Jesus said, “Woe to you, scribes and Pharisees, you hypocrites. You are like whitewashed tombs, which appear beautiful on the outside, but inside are full of dead men’s bones and every kind of filth. Even so, on the outside you appear righteous, but inside you are filled with hypocrisy and evildoing” (Mt 23:27-28).
How many of us spend an inordinate amount of time regarding physical externals? Washing, makeup, the right clothes, the correct scents, teeth whitening, plucking, nipping, and tucking. How about time spent exercising through gym memberships, home exercise equipment, physical trainers, sports, stretching, running, or cycling. How about time spent towards a career through education, updating, professional learning, seminars, webinars, and networking. There are other categories that I can add, and the point is that there is not anything necessarily wrong with any of the above in moderation and each in balance is healthy in practice.
Though if external activities are all we are investing our time and energy in, then Jesus has a point. We may “appear beautiful on the outside” with great looks, a body that doesn’t quit, and a career to die for, but what is going on inside? Are we empty, unfulfilled, achieving goal after goal, yet feeling adrift or hollowed out? Do we have all the right social skills and etiquette down, know the right things to say in public, we have friends in the hundreds on our social media accounts, yet we feel alone and not a part of anything meaningful?
Worse yet, do we go to Church, say the right prayers, are active in ministry, we tithe, are members of boards, involved in the community, and doing some great works of charity, but when the door is closed, and no one is looking… what kind of “hypocrisy and evil doing” are we up to? It is easy to stay focused on Jesus chewing out the Pharisees, right now, yet, Jesus wants more for us as well. He shines his light on the imperfections and shadow sides of us as well.
We can spend our time whitewashing the outside, projecting a perfect image, while chasing the finite and material pursuits alone, which will more than likely leave us feeling anxious, restless, unsatisfied, and tired. Maintaining and protecting a false image on any level is exhausting. Instead, we can take a good look at the time we invest, where we focus our energies, examine our conscience, and assess the health of our relationship with God, family,  significant friendships, our vocation instead of occupation, and our service to those within and beyond our intimate circle.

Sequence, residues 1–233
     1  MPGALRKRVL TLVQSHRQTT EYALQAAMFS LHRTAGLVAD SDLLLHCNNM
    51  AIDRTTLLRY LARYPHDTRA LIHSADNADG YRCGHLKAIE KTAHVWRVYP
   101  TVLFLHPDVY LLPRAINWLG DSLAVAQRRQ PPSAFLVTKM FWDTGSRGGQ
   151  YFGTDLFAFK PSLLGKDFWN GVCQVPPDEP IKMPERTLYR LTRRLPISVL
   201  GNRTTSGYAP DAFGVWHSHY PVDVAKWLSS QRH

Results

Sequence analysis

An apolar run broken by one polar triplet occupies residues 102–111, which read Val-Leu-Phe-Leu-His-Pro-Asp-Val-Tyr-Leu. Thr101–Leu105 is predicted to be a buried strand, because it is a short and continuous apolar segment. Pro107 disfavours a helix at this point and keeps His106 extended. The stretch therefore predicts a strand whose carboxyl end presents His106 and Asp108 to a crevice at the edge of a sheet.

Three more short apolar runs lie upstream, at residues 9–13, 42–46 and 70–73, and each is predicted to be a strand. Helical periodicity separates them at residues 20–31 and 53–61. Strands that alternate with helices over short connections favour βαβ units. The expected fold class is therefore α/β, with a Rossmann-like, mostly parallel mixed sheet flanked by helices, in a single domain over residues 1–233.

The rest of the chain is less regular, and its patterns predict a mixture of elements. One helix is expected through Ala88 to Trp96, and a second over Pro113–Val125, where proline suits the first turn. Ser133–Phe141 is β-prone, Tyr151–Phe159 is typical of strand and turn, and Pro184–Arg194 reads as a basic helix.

Making time for prayer, meditation, study, worship, exercising, eating healthy, discerning, and giving of ourselves in service helps to build a firmer foundation for developing the inside, who we truly are, and how God sees us. Making time to rest, renew, and reflect on the core of who we are in the depths of our soul will help us to face those areas we may be hiding from, those areas in need of healing or repentance.
Instead of attempting to project a perfect persona, we will do better to be in touch with our weaknesses, our faults, wounds, and prejudices so as to no longer defend or rationalize them but seek healing, reconciliation, and growth. By doing so, we may be more accepting, patient, understanding, and forgiving of others because we will come to realize that we are not perfect nor that the world revolves around us. This path will lead us to experience more meaning, fulfillment, and peace that we can then share with others.

Photo: JoAnn, me, Dakota, and Jesse in our happy place – with each other.
Link for the Mass readings for Wednesday, August 25, 2021

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